These two fights are also supported by quality co-feature bouts (as they are billing all four other fights) that include a plethora of recognizable names, including Brandon Figueroa, John Riel Casimero and Daniel Roman.
Roman looks to start his comeback trail
Roman (27-3-1 10 KOs), who is featured on the first set of fights (which begin at 7 p.m. ET/4 p.m. PT), faces Juan Carlos Payano (21-3, 9 KOs) in a WBC title eliminator at junior featherweight. When we last saw Roman during Super Bowl week, he lost his WBA and IBF titles in a razor-thin split decision to Murodjon Akhmadaliev in Miami.
“Honestly, I thought I won that fight,” Roman told ESPN. “I knew it was a close fight, but I thought I took the fight. But we’ve got to respect the judges’ decision. They saw a different fight that night, so I’m going to use that as a motivation, and I learned I can’t leave it with the judges anymore.”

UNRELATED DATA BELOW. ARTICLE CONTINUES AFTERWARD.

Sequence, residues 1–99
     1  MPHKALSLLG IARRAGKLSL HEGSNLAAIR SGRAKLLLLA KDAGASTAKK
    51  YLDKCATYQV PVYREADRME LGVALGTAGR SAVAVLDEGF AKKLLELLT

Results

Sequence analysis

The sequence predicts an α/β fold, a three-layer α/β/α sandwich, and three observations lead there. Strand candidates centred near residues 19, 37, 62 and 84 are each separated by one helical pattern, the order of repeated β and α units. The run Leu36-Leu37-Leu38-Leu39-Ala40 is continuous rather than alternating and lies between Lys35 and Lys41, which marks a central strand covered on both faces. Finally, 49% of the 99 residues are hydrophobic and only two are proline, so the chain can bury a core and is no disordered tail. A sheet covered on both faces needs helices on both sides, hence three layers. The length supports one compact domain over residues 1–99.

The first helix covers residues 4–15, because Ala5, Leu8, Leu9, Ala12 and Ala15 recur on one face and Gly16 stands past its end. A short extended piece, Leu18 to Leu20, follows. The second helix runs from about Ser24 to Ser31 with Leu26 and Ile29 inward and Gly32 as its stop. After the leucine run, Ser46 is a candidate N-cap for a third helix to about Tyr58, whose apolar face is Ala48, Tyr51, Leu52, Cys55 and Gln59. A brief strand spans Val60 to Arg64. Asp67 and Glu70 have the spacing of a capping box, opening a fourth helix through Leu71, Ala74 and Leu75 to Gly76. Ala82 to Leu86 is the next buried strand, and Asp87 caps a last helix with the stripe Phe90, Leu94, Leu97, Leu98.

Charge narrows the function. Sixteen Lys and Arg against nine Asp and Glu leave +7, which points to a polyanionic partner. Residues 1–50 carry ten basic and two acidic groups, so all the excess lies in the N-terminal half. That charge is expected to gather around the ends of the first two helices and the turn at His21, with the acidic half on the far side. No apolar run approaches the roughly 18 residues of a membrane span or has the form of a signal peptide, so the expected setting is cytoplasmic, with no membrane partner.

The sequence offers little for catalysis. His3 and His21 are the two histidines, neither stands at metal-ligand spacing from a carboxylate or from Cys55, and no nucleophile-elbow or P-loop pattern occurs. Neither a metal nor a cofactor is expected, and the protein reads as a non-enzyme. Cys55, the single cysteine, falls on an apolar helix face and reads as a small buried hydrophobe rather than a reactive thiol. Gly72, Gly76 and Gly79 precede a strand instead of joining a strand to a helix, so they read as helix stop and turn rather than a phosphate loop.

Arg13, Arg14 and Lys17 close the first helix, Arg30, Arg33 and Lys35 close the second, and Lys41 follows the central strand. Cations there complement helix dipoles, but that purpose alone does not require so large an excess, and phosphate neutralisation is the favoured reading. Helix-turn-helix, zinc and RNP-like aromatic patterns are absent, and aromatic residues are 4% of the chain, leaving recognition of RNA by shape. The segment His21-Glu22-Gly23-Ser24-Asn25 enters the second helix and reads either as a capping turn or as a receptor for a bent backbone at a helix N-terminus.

Roman said he hasn’t watched the fight much because, quite frankly, he simply can’t enjoy his own fights because of how self-critical he is.
Adding insult to injury that night is that despite going into the contest as a unified champion, his fight was put on before a pair of YouTubers flailing away at one another. Several months later, Roman was released from his contract by Matchroom, which had previously entered into an agreement to co-promote him with Thompson Boxing and put him on DAZN.
“I was really, really upset; I made myself known about that,” said Eddie Gonzalez, who trains and manages Roman. “I was very discontent with the way things happened in the event, having those YouTube guys ahead of us.”